Denying reality

Law Matters John Carpay

Law Matters John Carpay

Rachel Dolezal made headlines in 2015 after she was exposed as a white woman who had been representing herself as black for many years. Dolezal was removed as head of the Spokane chapter of the National Association for the Advancement of Colored People, and kicked off a police ombudsman commission. She also lost her job teaching African studies at Eastern Washington University.

Comparing herself to Bruce (Caitlyn) Jenner, Dolezal claims that race is a social construct: “black is a culture, a philosophy, a political and social view.” Dolezal describes herself as “trans-black,” stating: “I definitely am not white.Calling myself black feels more accurate.” Her Caucasian biological parents hope and pray for “a continual global conversation on the issues of identity and integrity, which will resolve in the recognition that truth is kindness.”

Does reality matter? Should it?

Chloe Jennings-White is a well-accomplished research scientist with degrees from Cambridge and Stanford. She “knows” she is also a paraplegic, even though fate has dealt her fully functioning legs. She lives in a wheelchair with heavy-duty leg braces. She has asked doctors to sever her spinal cord so that her body will finally align with her own understanding of herself. Body Integrity Identity Disorder (BIID), also known as apotemnophrenia, is a curious condition: the individual intensely feels that a particular limb or other body part does not belong. Some feel they are truly blind, but living with the unacceptable “burden” of working eyes. The transabled “know” their true essence, and many will go to extreme lengths (e.g. laying the limb on a railroad track to wait for a passing train to sever it) to create integrity between their actual body and their self-understanding.

Prominent feminists like Germaine Greer insist that a male-to-female trans person is not an actual woman.Likewise, there are the genuinely disabled who fiercely condemn the transabled as pretenders.

Trans-black, trans-abled, and trans-gendered: all three propose that feelings trump reality, and that reality should be altered so as to correspond with desires.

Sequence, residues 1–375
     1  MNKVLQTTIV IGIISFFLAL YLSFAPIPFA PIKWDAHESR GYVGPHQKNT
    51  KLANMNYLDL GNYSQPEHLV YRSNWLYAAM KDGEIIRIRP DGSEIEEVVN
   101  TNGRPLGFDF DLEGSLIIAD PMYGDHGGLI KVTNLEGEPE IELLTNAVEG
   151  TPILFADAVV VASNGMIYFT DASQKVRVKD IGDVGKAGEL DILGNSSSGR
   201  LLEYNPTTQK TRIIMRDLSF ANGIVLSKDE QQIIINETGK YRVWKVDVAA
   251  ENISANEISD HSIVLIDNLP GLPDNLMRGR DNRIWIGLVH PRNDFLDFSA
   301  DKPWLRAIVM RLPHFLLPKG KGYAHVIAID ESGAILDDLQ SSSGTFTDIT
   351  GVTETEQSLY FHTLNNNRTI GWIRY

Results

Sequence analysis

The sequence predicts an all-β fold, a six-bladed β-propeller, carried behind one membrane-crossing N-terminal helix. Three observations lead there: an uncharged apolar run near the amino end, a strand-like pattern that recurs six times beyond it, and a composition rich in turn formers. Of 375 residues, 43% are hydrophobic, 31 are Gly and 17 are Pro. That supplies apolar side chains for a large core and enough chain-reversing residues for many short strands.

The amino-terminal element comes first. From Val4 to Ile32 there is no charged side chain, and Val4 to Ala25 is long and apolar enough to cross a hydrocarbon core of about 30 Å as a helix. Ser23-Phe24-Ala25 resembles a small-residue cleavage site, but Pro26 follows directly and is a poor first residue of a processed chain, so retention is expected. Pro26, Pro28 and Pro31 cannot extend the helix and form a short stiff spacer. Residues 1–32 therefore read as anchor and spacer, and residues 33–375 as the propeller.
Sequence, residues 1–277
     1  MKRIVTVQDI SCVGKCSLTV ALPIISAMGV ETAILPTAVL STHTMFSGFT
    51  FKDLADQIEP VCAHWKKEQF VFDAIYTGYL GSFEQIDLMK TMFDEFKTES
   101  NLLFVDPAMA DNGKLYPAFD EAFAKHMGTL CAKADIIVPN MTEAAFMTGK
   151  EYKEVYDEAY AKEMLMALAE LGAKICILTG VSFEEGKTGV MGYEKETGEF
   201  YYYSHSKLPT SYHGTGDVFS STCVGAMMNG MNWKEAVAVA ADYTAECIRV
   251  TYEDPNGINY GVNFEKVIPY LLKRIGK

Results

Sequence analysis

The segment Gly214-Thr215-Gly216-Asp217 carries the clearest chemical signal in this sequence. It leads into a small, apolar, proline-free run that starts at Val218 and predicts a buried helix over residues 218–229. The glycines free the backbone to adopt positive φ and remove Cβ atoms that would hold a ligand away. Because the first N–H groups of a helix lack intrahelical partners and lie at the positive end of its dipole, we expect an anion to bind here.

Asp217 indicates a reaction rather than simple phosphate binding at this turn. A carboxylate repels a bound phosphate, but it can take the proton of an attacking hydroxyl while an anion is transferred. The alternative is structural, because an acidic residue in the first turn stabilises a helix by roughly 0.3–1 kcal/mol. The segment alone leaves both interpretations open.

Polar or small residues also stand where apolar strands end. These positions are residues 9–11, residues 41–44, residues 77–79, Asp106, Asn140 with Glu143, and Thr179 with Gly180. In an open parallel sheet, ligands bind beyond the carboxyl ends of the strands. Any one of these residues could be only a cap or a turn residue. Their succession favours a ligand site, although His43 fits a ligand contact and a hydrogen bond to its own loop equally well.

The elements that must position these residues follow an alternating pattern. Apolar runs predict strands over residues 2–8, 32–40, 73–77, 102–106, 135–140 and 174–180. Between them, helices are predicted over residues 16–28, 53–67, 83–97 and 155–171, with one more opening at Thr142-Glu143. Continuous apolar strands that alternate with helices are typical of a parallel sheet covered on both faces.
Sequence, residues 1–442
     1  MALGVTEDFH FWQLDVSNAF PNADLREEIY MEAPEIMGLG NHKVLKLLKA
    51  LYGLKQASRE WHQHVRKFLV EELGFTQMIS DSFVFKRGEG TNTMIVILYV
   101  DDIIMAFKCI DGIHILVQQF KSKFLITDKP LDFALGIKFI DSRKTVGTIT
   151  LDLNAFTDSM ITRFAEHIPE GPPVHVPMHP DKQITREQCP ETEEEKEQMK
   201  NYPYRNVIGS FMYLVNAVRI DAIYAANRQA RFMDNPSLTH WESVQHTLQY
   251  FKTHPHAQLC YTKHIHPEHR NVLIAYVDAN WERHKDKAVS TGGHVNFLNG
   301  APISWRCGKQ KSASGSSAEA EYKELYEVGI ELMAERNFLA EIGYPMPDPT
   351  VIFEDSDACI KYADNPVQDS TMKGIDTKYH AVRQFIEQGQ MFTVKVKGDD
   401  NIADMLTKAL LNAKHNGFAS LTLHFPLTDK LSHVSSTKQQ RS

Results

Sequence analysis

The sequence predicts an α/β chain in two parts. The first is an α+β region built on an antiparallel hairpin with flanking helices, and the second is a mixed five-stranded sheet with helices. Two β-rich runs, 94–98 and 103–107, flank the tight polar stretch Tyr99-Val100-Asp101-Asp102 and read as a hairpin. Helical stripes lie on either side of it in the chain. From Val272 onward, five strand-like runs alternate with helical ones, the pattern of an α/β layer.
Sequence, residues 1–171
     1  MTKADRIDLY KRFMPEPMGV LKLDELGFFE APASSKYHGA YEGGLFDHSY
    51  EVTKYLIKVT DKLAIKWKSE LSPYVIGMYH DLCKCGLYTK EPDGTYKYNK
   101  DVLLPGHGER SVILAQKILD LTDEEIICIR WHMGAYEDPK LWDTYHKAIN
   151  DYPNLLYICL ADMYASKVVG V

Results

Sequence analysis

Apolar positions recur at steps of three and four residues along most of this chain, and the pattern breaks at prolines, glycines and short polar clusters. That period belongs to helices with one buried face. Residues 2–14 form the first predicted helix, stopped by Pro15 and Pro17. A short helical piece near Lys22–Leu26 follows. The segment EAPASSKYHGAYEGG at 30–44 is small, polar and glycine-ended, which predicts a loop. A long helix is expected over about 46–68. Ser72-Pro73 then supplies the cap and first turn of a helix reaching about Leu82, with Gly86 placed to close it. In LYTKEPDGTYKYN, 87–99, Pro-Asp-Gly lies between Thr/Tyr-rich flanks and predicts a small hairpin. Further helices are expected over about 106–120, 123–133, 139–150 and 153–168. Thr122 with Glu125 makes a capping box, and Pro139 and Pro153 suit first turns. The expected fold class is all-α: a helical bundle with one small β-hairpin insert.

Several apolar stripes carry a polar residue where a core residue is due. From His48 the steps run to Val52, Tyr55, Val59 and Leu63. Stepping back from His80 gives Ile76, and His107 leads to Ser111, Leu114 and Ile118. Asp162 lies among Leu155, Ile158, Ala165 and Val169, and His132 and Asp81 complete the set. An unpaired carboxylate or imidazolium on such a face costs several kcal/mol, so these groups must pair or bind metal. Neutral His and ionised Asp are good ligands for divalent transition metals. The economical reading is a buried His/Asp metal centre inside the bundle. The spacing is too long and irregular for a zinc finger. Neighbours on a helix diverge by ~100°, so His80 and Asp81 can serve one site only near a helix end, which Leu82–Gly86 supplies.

Bill C-16 will add “gender identity or expression” to the list of prohibited grounds for discrimination under the Canadian Human Rights Act. Most provinces have also changed their laws, empowering human rights commissions to prosecute citizens for refusing to use “gender-neutral” pronouns rather than “he, she, his and hers,” and other forms of “misgendering.” These new federal and provincial laws are the first in Canadian history to require citizens – on threat of penalty – to use language even if they disagree with it. This is radically different from restricting speech for being hateful, blasphemous or discriminatory.Until now, some laws have said “you cannot say X.”.But C-16 says “you must say X.”

C-16 also adds “gender identity or expression” to section 319 (public incitement of hatred) of the Criminal Code. While I’m not likely to end up in jail for comparing transgender to trans-black and trans-abled, C-16 will certainly chill free expression in Canada. Most Canadians will not risk the possibility of accidentally crossing the line. Most Canadians will self-censor when it comes to saying anything about trans matters, in the way they already do when it comes to homosexuality.

C-16 is a step toward ending debate about how best to care for children who suffer from gender dysphoria.For children experiencing gender confusion before the age of puberty, this problem is resolved naturally by late adolescence for the vast majority. The American College of Pediatricians opposes using medicines to block puberty, followed by life-long use of toxic cross-sex hormones, because this sterilizes minors and causes other significant health risks. By enshrining one viewpoint in law, C-16 along with similar provincial laws will stifle healthy scientific and academic debate.

Allowing physical males to enter female-only places like bathrooms and locker rooms is another obvious problem, ignored by progressives who are keen to help us reach their utopia of “equality,” “tolerance,” “diversity,” and “inclusion.”

C-16 pretends to protect transgender people.In reality, these laws diminish Canadians’ freedoms and give government more power, even the power to compel citizens to violate their conscience by saying things they know to be false. These federal and provincial laws also harm the privacy and security of girls and women, needlessly putting girls’ and women’s safety and sexual integrity at risk.

Ultimately, light triumphs over darkness, justice over injustice, and good over evil. In the interim, Canadians who love truth and freedom will need to practice courage and perseverance, and continue to speak for justice, regardless of the cost of doing so.

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